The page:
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I'm analyzing some software that appears to encrypt its communications over the network, but it does not appear to be SSL. How can I easily determine what encryption algorithm its using, and maybe find the key?

  • Just to make it clear. Do you want to identify the encryption algorithm based on the assembly code of the encryption algorithm or based only on the encrypted packets ? – perror Apr 2 '13 at 17:00
  • @perror I have access to the binaries and its resulting network traffic. So which ever is easier. Using the IDA plugins suggested fixed my immediate problem, but is there an easier way, for future reference, to do it based solely on network traffic? I would have assumed that since the traffic had no header or identifiable information that it would not be possible. – omghai2u Apr 2 '13 at 17:09
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Maybe check out this IDA plugin.

After you locate the crypto functions, doing a cross-reference in IDA should allow you to see where the functions are called and likely the key is nearby. If you can set a break-point on those functions and see what is being passed in for the key, this, of course, would be the easiest way.

9

For a bit more advanced way of automatic crypto identification see Felix Gröbert's work on Automatic Identification of Cryptographic Primitives in Software . He uses a pintool to dynamically instrument the code which can allow to even recover keys. The code is also available. The repository contains other tools used in comparison , such as PeID and OllyDBG plugins.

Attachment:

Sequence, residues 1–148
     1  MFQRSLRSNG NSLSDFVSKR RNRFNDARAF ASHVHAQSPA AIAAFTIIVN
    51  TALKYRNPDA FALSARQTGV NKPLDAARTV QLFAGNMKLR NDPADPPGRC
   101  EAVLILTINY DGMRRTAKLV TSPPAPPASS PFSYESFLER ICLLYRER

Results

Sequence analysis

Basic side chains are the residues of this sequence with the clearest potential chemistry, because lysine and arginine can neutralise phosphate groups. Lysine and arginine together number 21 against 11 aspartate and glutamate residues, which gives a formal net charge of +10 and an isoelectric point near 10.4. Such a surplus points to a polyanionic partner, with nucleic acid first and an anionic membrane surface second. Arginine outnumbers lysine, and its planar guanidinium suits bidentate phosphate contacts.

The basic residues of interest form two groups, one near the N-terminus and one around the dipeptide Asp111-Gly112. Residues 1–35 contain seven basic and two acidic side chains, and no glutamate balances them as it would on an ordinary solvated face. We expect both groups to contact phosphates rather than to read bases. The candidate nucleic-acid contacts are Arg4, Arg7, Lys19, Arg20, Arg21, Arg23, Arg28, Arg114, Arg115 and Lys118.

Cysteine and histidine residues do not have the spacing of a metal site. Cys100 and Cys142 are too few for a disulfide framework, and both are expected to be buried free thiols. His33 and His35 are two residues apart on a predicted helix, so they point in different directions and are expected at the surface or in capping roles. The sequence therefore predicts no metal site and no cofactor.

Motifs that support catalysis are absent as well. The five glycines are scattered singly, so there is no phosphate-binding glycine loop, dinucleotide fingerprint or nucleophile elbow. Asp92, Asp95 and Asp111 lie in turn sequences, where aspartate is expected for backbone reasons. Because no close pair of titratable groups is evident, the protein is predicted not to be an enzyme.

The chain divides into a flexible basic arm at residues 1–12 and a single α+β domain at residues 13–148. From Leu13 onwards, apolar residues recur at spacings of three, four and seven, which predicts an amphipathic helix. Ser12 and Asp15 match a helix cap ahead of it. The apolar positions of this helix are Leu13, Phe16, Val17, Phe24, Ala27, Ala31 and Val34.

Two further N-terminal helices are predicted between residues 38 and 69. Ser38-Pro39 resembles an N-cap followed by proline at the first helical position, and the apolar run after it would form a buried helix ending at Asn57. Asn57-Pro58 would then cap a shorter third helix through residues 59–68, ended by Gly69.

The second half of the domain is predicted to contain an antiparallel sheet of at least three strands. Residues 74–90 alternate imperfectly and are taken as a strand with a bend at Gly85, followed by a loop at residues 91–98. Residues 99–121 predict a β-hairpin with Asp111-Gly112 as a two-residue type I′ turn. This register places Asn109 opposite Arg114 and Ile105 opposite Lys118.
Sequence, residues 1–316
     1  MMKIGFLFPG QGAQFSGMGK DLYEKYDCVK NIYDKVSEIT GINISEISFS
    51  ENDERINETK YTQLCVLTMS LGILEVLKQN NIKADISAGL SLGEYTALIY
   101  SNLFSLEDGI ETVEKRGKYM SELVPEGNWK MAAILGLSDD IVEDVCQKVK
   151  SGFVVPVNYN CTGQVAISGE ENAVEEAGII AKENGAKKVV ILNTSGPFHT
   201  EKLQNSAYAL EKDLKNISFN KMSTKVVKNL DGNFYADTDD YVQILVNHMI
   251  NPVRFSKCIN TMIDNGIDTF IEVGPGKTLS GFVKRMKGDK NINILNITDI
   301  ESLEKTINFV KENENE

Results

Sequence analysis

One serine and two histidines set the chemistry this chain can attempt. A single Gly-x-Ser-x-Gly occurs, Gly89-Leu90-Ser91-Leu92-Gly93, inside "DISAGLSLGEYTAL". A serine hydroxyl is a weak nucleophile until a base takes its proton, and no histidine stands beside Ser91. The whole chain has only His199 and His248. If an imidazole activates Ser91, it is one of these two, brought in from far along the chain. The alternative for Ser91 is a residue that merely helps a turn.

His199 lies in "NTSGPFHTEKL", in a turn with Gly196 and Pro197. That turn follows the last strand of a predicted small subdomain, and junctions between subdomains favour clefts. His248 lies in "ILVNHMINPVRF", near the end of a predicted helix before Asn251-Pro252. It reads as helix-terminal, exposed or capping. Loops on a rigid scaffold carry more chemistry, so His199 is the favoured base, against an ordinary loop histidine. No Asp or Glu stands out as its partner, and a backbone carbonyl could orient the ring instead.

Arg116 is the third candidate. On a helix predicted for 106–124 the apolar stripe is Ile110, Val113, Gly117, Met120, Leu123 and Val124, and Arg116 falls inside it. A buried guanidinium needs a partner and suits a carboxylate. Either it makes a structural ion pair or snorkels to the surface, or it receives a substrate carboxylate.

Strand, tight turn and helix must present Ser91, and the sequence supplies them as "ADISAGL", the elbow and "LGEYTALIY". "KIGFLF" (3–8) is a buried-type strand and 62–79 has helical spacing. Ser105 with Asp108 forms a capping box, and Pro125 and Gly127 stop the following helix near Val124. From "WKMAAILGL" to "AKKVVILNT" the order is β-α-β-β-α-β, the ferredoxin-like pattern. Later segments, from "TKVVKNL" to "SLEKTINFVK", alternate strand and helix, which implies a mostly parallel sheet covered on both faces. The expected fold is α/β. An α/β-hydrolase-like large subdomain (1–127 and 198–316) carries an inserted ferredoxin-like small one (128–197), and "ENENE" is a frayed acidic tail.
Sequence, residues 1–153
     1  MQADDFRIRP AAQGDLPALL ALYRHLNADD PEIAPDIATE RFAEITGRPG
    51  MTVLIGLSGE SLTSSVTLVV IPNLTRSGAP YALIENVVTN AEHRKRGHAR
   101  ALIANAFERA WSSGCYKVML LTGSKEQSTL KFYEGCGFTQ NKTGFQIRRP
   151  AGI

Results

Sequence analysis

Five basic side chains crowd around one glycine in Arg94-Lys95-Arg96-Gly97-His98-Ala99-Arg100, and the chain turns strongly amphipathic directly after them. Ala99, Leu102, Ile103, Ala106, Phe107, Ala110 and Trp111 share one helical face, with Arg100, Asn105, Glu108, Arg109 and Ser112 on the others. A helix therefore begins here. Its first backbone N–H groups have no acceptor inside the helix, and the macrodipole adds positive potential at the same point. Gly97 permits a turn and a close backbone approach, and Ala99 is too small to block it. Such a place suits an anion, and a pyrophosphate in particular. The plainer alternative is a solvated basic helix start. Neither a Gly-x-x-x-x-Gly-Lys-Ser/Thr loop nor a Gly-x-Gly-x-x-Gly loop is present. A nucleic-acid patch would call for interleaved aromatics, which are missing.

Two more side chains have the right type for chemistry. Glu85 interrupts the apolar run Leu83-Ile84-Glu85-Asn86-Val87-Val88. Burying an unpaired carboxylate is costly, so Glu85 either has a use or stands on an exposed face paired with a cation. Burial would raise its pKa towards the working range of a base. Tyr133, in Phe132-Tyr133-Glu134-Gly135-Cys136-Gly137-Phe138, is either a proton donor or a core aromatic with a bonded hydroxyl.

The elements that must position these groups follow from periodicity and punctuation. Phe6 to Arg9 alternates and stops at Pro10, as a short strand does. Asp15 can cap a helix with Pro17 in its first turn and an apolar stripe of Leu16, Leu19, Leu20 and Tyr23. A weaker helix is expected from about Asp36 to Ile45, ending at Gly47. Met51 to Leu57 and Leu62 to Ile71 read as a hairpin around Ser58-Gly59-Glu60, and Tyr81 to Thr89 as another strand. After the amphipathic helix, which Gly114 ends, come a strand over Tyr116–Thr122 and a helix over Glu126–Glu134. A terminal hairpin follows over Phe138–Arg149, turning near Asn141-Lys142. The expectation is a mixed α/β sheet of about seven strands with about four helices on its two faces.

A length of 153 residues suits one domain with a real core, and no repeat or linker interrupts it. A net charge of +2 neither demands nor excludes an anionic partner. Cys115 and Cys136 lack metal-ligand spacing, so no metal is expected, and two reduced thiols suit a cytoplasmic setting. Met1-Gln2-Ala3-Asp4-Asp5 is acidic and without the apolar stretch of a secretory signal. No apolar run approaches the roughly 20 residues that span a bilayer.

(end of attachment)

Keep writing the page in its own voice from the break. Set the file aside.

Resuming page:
7

I have not used it but there is an open source tool called Aligot that may help when the encryption algorithms have been obfuscated. According to its authors, Aligot can idenfity TEA, MD5, RC4 and AES.

Aligot does have an important disclaimer:

Aligot was build as a proof-of-concept to illustrate the principles described in the associated paper. In particular it is not currently suitable to automatically analyze large programs. If you are interested in such project, please contact the author ;)

Despite the disclaimer, the results indicated in the paper suggest that Aligot is worth looking into.

5

A nice combination of findcrypt2 by HexRays and the work done by Felix Gröbert is IDAScope. It's very useful for searching for and identifying encryption algorithms. For more information on IDAScope's Crypto Identification I'd recommend the following link.

  • How does it improve on findcrypt2 and HexRays? What makes it better, faster, etc.? – Lizz Apr 6 '13 at 4:58

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